Nikel

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This article is about an urban-type settlement in Murmansk Oblast. An abandoned rural locality by this name also exists in the Republic of Adygea.
Nikel (English)
Никель (Russian)
-  Urban-type settlement[1]  -
Панорама Никеля 2.jpg
View of Nikel (2011)
Map of Russia - Murmansk Oblast (2008-03).svg
Location of Murmansk Oblast in Russia
Nikel is located in Murmansk Oblast
Nikel
Nikel
Magnify-clip.png
Location of Nikel in Murmansk Oblast
Coordinates: 69°24′50″N 30°13′55″E / 69.41389°N 30.23194°E / 69.41389; 30.23194Coordinates: 69°24′50″N 30°13′55″E / 69.41389°N 30.23194°E / 69.41389; 30.23194
Coat of Arms of Nikel.png
Coat of arms
Administrative status (as of 2011)
Country Russia
Federal subject Murmansk Oblast[1]
Administrative district Pechengsky District[1]
Administrative center of Pechengsky District[1]
Municipal status (as of November 2009)
Municipal district Pechengsky Municipal District[2]
Urban settlement Nikel Urban Settlement[2]
Administrative center of Nikel Urban Settlement[2]
Statistics
Population (2010 Census) 12,756 inhabitants[3]
Time zone MSK (UTC+04:00)[4]
Dialing code(s) +7 81554[citation needed]
Official website
Nikel on WikiCommons
Norilsk Nickel plant in Nikel
Pechenga nickel plant at Nikel

Nikel (Russian: Ни́кель, lit. nickel; Finnish: Kolosjoki) is an urban locality (an urban-type settlement) and the administrative center of Pechengsky District of Murmansk Oblast, Russia,[1] located on the shores of Lake Kuets-Yarvi 196 kilometers (122 mi) northwest of Murmansk and 7 kilometers (4.3 mi) from the Norwegian border. Population: 12,756 (2010 Census);[3] 16,534 (2002 Census);[5] 21,838 (1989 Census);[6] 18,000 (1973).

History[edit]

In the 1920 Treaty of Tartu, Soviet Russia ceded the area of Petsamo to Finland.[7] In the 1930s huge reserves of nickel were found on fells nearby. The amount was estimated to be five million tons. In 1934, the Finnish Government awarded the mining right to the British Mond Nickel Co, subsidiary of International Nickel Co (Inco), that founded the Petsamon Nikkeli Oy mining company. The company began building a railway, as well as other infrastructure, between the town, then known as Kolosjoki, and Liinahamari harbor.

In the Winter War of 1939–1940, the Soviet Union occupied Petsamo. In the following peace agreement only the Finnish part of the Rybachy Peninsula was ceded to the Soviet Union, although the Soviets had occupied all of Petsamo during the war. In summer 1940, the Finnish government took over the mines from the British company. The first mining operations began in the same year. During World War II, the ore was mainly sold to Germany. The hydro power plant in Jäniskoski started operations in 1942, making it possible to smelt the ore locally. In 1944, the Red Army occupied Petsamo, and Finland had to cede it to the Soviet Union as part of the Moscow Armistice signed on September 19, 1944.[7] Retreating German forces destroyed the power plant and partially the smelter. On July 21, 1945, the Presidium of the Supreme Soviet of the Soviet Union decreed to establish Pechengsky District with the administrative center in Nikel on the ceded territory and to include this district as a part of Murmansk Oblast.[7]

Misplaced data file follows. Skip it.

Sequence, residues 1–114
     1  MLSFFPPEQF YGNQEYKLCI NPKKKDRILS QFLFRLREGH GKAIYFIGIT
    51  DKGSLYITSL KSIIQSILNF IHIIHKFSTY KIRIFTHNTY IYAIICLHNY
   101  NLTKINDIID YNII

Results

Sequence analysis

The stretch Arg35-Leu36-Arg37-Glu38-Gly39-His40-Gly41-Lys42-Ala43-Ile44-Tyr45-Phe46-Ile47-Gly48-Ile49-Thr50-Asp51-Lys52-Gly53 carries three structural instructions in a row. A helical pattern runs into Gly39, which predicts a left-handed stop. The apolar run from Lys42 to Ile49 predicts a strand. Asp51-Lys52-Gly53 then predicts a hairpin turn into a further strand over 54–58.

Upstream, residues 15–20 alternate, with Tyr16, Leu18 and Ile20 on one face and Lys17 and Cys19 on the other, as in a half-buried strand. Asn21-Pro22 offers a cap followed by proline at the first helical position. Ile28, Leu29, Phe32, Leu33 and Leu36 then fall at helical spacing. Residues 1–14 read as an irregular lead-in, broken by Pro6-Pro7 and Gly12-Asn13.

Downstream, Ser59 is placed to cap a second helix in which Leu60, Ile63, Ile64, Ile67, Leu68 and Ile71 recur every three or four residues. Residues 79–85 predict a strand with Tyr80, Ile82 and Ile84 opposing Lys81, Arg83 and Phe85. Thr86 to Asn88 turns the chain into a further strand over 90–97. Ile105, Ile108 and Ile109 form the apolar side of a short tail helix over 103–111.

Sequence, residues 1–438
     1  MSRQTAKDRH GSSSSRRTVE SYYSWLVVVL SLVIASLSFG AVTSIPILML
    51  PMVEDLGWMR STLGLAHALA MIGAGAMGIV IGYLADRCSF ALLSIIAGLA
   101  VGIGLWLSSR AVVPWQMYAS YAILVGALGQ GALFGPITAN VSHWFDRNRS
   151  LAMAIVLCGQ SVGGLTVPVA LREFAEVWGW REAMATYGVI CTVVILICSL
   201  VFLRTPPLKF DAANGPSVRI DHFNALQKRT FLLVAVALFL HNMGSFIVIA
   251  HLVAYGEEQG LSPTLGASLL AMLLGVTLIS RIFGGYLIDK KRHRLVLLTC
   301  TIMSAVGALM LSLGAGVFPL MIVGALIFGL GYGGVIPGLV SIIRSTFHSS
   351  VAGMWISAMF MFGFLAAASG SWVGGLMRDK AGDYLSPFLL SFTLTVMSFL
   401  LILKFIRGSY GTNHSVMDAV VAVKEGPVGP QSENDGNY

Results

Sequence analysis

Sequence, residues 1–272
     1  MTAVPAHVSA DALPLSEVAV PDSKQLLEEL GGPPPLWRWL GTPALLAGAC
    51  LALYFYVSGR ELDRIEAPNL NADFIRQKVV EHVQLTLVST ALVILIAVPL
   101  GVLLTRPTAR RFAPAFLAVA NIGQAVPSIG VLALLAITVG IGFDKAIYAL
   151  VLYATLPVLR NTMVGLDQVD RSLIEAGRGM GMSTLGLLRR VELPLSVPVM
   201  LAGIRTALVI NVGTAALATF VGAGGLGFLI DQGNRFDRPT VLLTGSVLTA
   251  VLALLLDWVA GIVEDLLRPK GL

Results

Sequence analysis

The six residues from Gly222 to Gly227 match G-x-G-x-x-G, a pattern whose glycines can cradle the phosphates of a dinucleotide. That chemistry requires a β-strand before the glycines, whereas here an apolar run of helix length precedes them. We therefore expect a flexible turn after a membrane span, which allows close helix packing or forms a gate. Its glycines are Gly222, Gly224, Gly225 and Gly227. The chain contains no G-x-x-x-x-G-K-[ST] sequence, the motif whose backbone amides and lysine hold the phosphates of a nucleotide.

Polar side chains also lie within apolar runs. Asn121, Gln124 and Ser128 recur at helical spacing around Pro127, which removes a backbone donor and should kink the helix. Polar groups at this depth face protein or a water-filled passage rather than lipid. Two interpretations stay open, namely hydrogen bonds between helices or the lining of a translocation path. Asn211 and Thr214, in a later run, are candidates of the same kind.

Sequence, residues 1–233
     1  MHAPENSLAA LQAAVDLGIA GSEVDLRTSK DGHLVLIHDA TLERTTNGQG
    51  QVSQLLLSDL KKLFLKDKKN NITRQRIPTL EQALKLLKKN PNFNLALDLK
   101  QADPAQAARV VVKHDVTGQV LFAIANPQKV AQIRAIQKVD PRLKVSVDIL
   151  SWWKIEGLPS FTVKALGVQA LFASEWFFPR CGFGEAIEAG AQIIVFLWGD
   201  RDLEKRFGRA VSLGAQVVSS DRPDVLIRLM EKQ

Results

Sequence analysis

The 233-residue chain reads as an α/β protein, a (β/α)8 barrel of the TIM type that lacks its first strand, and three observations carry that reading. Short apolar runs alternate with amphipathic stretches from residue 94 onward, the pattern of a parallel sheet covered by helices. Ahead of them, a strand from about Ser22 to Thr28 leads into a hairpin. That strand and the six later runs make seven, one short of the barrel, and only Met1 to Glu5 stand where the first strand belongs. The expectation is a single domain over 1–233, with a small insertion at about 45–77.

Ecology[edit]

The town is linked to the Norilsk Nickel plant nearby where many of its citizens are employed and which causes grave environmental and health concerns for the population. The nickel smelter which has been an eyesore in Norway–Russia relations for decades due to its extreme pollution levels, usually deposits its sulfur dioxide fumes to the south of the town where the countryside is a brown moonscape of bald hills, barren of plant life for kilometers around.[8] In the summertime, the toxic fumes which for the rest of the year rarely blow northwards towards the town, occasionally do just that, making breathing difficult and even burning holes in people's umbrellas.[8]